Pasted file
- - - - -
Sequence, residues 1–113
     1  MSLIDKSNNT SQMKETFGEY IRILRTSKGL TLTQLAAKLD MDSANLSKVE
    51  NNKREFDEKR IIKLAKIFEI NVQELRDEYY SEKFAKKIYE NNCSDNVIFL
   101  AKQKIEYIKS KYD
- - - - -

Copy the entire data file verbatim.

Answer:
Sequence, residues 1–113
     1  MSLIDKSNNT SQMKETFGEY IRILRTSKGL TLTQLAAKLD MDSANLSKVE
    51  NNKREFDEKR IIKLAKIFEI NVQELRDEYY SEKFAKKIYE NNCSDNVIFL
   101  AKQKIEYIKS KYD